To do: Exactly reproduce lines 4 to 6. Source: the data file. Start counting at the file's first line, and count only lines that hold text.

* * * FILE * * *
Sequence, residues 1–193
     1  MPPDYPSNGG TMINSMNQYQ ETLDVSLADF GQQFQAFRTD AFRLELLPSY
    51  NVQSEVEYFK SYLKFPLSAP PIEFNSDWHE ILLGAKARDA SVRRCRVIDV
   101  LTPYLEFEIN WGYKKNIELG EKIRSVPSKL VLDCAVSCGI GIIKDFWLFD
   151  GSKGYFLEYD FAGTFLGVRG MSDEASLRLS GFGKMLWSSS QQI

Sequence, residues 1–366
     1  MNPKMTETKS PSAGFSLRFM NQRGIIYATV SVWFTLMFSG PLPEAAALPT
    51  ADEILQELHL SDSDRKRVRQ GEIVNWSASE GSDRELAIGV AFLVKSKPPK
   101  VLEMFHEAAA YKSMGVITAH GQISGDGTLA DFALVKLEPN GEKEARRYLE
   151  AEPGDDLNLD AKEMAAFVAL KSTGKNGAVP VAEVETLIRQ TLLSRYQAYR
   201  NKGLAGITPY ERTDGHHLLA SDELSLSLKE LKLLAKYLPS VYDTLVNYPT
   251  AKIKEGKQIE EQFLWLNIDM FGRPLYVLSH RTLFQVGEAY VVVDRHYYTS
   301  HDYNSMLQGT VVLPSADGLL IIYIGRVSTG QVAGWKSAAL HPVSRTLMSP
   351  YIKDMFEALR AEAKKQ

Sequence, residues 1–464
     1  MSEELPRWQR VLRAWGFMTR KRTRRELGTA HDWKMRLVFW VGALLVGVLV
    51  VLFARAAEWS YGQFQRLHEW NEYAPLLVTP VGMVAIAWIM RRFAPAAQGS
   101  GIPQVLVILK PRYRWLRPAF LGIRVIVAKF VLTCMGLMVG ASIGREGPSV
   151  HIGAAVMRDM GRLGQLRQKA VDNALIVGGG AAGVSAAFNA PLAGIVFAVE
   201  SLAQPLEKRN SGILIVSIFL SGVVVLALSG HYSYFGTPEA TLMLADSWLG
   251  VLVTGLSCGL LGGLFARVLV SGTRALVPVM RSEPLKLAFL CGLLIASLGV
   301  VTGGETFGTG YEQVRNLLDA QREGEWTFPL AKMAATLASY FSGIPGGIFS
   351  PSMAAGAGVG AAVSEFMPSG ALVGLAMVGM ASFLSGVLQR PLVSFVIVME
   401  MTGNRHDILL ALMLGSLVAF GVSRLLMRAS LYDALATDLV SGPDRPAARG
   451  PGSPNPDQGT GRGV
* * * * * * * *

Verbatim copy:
   101  LTPYLEFEIN WGYKKNIELG EKIRSVPSKL VLDCAVSCGI GIIKDFWLFD
   151  GSKGYFLEYD FAGTFLGVRG MSDEASLRLS GFGKMLWSSS QQI

Sequence, residues 1–366